As I sit in a post-grad purgatory of almost adulthood, I feel inclined to share with you a few lessons I’ve picked up over the past few weeks.  For all you fork and glass holders, here’s what I’ve learned.

Graduation is a time to let go of your childish loves. Whether by choice or due to a strange set of circumstances involving a super-hero dance and a misplaced inflatable spider-man, now is the time to move on. Note: the train bed sheets formerly fitting my full-size bed without a box spring now tuck in some kid at St. Mary’s Home For Children in North Providence.

When graduating, you should gradually ease yourself out of excessive alcohol consumption…or at least give the impression that you’ve become a more moderate drinker. At my latest physical check-up, when posed with the questions “Do you consume alcohol and if so how much?” I responsibly (falsely) informed my physician that I consume a couple of drinks every week. I’m not sure whether the “2/week” recorded on my chart is the start of a new lifestyle or a cover-up for my ever-increasing tolerance. Time will tell.

Spending four years in one place, particularly a place as small as Brown is likely to produce its fair share of tension and drama (friend turned enemy drama). Before you leave college, reconcile all the differences that may have built up over the years; don’t sour everyone else’s day by leaving your hostility in the campus air. My reconciliation may have come in dream form with my freshman year roommate and I holding hands while eating cupcakes together, but hey, it’s the thought that matters.

The words young professional and post-graduate are often used interchangeably. As such, graduation means ditching daisy dukes and tube tops for a sensible, neutral-colored pantsuit. While I will always hold on to the token corset I bought freshman year, my latest shopping excursions have been hunts for cardigans and button-up blouses. As a soon to be teacher I also feel a bizarre new attraction to broaches and apple-themed jewelry.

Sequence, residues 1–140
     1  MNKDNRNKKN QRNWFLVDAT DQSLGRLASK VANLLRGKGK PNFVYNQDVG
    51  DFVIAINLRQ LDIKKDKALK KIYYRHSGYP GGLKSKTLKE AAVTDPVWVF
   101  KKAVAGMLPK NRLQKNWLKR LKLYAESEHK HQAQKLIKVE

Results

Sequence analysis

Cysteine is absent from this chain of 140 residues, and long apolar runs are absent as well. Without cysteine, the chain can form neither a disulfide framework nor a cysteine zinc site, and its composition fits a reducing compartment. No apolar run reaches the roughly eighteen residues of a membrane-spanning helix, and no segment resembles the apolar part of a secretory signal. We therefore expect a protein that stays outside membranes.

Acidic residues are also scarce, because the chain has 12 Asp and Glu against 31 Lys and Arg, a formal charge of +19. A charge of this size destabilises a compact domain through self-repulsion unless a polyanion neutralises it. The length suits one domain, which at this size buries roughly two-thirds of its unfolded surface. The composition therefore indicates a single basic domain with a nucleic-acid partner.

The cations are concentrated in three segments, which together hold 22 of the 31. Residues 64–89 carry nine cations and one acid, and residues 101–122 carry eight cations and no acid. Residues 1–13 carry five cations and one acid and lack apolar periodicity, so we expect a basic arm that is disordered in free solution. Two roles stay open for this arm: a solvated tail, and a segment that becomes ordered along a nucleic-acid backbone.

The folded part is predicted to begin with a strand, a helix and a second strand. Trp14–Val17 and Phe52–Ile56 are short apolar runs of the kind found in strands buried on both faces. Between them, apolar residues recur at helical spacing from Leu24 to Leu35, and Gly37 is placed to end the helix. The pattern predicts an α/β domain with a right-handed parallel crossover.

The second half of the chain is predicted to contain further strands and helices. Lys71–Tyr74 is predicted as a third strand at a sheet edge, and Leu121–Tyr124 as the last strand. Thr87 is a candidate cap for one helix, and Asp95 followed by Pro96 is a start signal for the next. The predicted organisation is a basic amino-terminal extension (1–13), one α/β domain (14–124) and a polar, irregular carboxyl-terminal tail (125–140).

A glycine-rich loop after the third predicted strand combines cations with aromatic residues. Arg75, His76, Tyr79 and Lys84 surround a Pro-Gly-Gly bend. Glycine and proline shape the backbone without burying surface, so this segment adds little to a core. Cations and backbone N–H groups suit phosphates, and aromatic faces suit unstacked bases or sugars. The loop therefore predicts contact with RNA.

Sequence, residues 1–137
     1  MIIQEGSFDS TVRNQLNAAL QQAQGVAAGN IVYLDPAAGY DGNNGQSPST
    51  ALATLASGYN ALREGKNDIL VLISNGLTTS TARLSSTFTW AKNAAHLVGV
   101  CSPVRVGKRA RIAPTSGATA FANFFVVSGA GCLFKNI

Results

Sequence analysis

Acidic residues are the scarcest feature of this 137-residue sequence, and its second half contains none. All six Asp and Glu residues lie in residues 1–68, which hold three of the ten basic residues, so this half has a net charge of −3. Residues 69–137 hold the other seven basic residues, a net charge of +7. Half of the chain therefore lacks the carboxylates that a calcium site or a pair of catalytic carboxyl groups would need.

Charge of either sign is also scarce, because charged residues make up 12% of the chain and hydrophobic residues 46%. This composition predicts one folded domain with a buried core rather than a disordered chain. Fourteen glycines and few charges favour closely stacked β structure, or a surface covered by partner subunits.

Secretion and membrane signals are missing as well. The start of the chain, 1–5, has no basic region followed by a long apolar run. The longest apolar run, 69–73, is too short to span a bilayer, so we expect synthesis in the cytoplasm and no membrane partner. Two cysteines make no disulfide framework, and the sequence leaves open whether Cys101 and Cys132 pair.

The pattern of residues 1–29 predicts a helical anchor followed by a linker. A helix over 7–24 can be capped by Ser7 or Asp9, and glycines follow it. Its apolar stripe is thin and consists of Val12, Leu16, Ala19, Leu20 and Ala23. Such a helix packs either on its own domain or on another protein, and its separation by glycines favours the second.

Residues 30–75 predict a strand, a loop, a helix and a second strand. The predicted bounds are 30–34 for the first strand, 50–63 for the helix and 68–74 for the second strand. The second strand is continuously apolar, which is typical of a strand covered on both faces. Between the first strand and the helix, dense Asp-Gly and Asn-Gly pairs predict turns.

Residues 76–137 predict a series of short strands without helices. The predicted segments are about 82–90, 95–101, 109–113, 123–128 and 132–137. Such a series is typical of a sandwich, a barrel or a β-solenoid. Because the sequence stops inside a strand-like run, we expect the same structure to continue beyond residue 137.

Finally, graduating is that humble realization that you did not make it on your own. The people most responsible for you getting that diploma are likely the same individuals who willingly sat through a six-hour commencement bore fest only for the minute of fame in which an over-decorated professor butchered your foreign sounding name. Big thanks to my father (despite his nagging), brother (for shaving before my diploma ceremony), mother (who cried more than I did), extended family members (for driving hours just to see me don a hideous black uniform) and, of course, Yang. I know it was probably more torture for her than fun but I can’t imagine anything more perfect than walking off stage with diploma in hand to give my best friend a hug. If it wouldn’t upset my parents so much I would Sharpie in “Yang Yang” under my name on my diploma. She helped me earn it as much as I did.

So now let’s all clink our glasses together, yell “Cheers!” in unison and take a hearty sip.  (Drink number one out of two for the week)  Congrats to all my fellow 2010 grads!